Relatively little attention has been paid to the role of virotherapy in promoting antitumor immune responses. Here, we show that CD8+ T cells are critical for the efficacy of intratumoral vesicular stomatitis virus virotherapy and are induced against both virally encoded and tumor-associated immunodominant epitopes. We tested three separate immune interventions to increase the frequency/activity of activated antitumoral T cells. Depletion of Treg had a negative therapeutic effect because it relieved suppression of the antiviral immune response, leading to early viral clearance. In contrast, increasing the circulating levels of tumor antigen-specific T cells using adoptive T cell transfer therapy, in combination with intratumoral virotherapy, generated significantly improved therapy over either adoptive therapy or virotherapy alone. Moreover, the incorporation of a tumor-associated antigen within the oncolytic vesicular stomatitis virus increased the levels of activation of naive T cells against the antigen, which translated into increased antitumor therapy. Therefore, our results show that strategies which enhance immune activation against tumor-associated antigens can also be used to enhance the efficacy of virotherapy.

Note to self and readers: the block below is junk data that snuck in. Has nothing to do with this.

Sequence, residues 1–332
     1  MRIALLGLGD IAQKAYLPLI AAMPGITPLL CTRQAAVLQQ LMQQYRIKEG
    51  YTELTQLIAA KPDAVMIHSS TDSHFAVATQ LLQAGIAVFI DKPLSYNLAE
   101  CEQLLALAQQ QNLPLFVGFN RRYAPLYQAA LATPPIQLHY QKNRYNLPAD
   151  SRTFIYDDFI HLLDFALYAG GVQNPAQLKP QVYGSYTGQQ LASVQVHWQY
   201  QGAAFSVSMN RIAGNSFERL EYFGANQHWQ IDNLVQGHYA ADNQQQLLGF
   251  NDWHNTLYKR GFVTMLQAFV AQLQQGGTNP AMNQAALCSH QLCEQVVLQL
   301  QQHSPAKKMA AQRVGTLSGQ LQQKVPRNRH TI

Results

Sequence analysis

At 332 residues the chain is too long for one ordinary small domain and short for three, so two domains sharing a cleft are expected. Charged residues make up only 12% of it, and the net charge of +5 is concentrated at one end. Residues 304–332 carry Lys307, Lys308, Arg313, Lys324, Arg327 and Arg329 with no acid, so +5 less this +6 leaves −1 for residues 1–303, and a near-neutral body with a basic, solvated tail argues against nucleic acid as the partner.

ASJC Scopus subject areas
- Cancer Research